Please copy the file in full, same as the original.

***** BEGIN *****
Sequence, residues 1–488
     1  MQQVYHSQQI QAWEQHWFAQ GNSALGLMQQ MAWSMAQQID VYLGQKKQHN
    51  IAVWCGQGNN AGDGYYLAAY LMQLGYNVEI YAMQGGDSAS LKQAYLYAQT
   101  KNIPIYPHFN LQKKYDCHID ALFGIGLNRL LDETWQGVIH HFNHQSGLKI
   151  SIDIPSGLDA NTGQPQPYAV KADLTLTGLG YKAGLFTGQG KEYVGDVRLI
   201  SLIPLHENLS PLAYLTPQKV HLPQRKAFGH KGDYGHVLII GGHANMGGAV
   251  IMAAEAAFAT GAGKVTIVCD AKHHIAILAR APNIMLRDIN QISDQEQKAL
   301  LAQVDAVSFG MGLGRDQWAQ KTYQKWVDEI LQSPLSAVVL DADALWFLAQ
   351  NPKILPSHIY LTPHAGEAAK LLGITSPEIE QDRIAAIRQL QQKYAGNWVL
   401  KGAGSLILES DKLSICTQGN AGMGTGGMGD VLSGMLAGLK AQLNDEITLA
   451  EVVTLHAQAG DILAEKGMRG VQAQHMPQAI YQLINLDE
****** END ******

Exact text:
Sequence, residues 1–488
     1  MQQVYHSQQI QAWEQHWFAQ GNSALGLMQQ MAWSMAQQID VYLGQKKQHN
    51  IAVWCGQGNN AGDGYYLAAY LMQLGYNVEI YAMQGGDSAS LKQAYLYAQT
   101  KNIPIYPHFN LQKKYDCHID ALFGIGLNRL LDETWQGVIH HFNHQSGLKI
   151  SIDIPSGLDA NTGQPQPYAV KADLTLTGLG YKAGLFTGQG KEYVGDVRLI
   201  SLIPLHENLS PLAYLTPQKV HLPQRKAFGH KGDYGHVLII GGHANMGGAV
   251  IMAAEAAFAT GAGKVTIVCD AKHHIAILAR APNIMLRDIN QISDQEQKAL
   301  LAQVDAVSFG MGLGRDQWAQ KTYQKWVDEI LQSPLSAVVL DADALWFLAQ
   351  NPKILPSHIY LTPHAGEAAK LLGITSPEIE QDRIAAIRQL QQKYAGNWVL
   401  KGAGSLILES DKLSICTQGN AGMGTGGMGD VLSGMLAGLK AQLNDEITLA
   451  EVVTLHAQAG DILAEKGMRG VQAQHMPQAI YQLINLDE